19 de noviembre del 2000
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Biotechnology Rescues Tequila

By Pilar Franco*

Scientists have given hope to the sick agave plant, which in Mexico is the raw material for tequila production, and has suffered the attack of pathogenic microbes for the last 15 years.

MEXICO CITY - The tequila industry, which saw an unexpected boom in sales over recent years, could avoid a potentially enormous crisis by utilizing biotechnology, apparently capable of eradicating serious infections in the agave plant, the raw material needed to make the popular alcoholic drink.

The various types of tequila, the dry-tasting beverage that is the pride of Mexico, have been winning over the palates of connoisseurs around the world, and include the unaged 'plato' or 'blanco' (silver), 'dorado' (gold), 'reposado' (rested - aged two months to a year) and añejo (aged, one to five years). Tequila production skyrocketed from 30 billion liters in 1995 to 130 billion liters in 1999.

But while the tequila market is growing by 18 to 20 percent annually, frost and lethal microorganisms led to a shortage in 1997 of agave, a plant that takes seven to ten years to mature.

The explosive increase in tequila consumption and the lack of planning to produce more agave have put the industry in a bind and forced a sharp rise in prices - the cost of the raw material jumped more than five-fold.

Now the tequila business is attempting to put together an integral strategy to reverse the sudden decline in sales: nine percent in the first half of 2000, according to official data.

Fifteen years after detecting a set of microorganisms in the variety known as Weber Blue Agave (ATWA), the only true variety for tequila production, studies identified the Erwina carotovora bacteria and the Fusarium oxysporum fungus as responsible for relentlessly attacking the plant.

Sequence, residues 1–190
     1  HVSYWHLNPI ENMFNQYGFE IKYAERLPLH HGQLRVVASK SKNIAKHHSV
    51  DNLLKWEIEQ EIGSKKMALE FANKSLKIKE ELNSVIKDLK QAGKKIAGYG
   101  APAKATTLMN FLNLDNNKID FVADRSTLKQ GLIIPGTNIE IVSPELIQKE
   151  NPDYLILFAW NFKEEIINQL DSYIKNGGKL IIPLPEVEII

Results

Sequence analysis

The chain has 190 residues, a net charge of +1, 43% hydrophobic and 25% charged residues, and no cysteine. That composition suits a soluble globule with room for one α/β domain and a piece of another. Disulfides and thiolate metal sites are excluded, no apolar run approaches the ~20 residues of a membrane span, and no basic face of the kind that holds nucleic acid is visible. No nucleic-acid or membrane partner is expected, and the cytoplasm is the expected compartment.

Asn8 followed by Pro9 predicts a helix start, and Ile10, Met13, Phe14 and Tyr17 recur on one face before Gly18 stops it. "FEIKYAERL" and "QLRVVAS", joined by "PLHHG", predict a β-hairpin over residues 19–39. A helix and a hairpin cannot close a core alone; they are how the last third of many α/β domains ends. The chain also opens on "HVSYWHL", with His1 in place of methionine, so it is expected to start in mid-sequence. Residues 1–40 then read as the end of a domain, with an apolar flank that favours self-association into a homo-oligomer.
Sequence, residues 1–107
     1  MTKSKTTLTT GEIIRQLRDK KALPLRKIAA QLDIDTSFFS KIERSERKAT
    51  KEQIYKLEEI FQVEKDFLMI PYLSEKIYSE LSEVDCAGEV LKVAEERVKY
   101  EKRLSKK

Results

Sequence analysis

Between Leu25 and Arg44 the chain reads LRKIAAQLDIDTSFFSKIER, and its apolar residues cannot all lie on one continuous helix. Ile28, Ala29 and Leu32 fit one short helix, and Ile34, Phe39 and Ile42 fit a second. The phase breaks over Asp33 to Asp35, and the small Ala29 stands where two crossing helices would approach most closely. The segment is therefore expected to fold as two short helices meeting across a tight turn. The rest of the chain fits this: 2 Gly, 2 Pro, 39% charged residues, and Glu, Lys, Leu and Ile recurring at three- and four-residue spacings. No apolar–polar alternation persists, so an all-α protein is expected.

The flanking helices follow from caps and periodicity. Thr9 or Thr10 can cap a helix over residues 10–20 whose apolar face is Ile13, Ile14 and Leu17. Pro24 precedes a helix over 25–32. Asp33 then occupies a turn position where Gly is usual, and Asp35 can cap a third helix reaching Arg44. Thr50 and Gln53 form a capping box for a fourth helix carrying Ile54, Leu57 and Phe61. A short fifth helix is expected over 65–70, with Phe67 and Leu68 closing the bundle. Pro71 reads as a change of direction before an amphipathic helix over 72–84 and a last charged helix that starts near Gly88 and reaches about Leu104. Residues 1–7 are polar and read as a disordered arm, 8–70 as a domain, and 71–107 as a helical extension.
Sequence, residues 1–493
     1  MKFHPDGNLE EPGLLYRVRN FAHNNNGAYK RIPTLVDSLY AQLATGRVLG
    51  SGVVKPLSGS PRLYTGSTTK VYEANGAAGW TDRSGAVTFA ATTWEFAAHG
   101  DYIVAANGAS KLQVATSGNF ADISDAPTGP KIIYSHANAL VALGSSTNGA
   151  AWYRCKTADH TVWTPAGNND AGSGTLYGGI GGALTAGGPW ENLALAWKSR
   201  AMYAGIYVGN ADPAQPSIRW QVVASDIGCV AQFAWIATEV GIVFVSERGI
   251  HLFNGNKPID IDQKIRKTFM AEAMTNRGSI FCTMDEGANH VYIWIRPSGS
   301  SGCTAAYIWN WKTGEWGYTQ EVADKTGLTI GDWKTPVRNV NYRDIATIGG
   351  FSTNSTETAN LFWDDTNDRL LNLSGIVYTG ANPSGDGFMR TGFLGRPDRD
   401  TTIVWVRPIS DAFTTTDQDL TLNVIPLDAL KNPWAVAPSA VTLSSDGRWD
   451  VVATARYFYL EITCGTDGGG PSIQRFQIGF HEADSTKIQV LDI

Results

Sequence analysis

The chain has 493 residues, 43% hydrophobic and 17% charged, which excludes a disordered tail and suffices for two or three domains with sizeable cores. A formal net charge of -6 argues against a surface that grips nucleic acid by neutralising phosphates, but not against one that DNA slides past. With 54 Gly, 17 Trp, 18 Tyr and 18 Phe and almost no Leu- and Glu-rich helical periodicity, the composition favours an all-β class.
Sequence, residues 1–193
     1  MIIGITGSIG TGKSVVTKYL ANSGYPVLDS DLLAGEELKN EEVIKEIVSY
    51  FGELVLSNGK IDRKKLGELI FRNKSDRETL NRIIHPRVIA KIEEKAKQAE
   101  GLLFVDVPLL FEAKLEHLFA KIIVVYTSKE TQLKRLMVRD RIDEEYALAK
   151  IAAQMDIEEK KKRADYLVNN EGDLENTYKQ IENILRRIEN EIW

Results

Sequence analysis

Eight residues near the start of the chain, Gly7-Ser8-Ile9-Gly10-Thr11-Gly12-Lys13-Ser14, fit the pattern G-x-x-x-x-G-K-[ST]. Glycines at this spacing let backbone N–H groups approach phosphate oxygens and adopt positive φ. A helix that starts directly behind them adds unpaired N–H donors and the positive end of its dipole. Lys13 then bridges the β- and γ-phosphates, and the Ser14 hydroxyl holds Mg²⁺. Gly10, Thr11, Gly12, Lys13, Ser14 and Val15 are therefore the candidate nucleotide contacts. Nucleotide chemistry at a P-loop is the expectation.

Approximately 23 percent of the area planted with Blue Agave in Mexico (more than 60,000 hectares) is infected. The tequila producers have turned to the scientific community to come up with an alternative ''and have asked us to solve their problems,'' said Benjamín Rodríguez Garay, researcher at the Center for Technological Research and Consulting of Jalisco State.

Linked to the food and beverage sector, the institution has established plans to preserve the agave and holds contracts, ''the contents of which are confidential,'' with the tequila companies that will allow the sector to recover, though a price crisis for this and next year is unavoidable, Rodríguez Garay told Tierramérica.

''Massive in vitro cloning allows a clean crop developed in the laboratory as if it were in the field, except that it costs less and there are fewer risks of disease,'' he said.

Micro-reproduction, a technique used for fruit trees and ornamental plants, is new to the Blue Agave industry, but has allowed producers to obtain great quantities of plants that are free of infestation by pathogenic microorganisms.

Mercedes Monroy, a researcher at the National Polytechnic Institute, is in charge of studies that were able to develop a biotech process that makes Blue Agave plants resistant to the Erwina carotovora bacteria.

There are 72 tequila firms in Mexico, producing 500 different brands of the beverage, while another 100 are operated by bottling companies in France, Belgium, the Netherlands, Spain and the United States, according to information from the Tequila Regulatory Council.

* The author is editor of Tierramérica.

Copyright © 2000 Tierramérica. Todos los Derechos Reservados

The raw material of tequila /Claudio Contreras
  The raw material of tequila / Claudio Contreras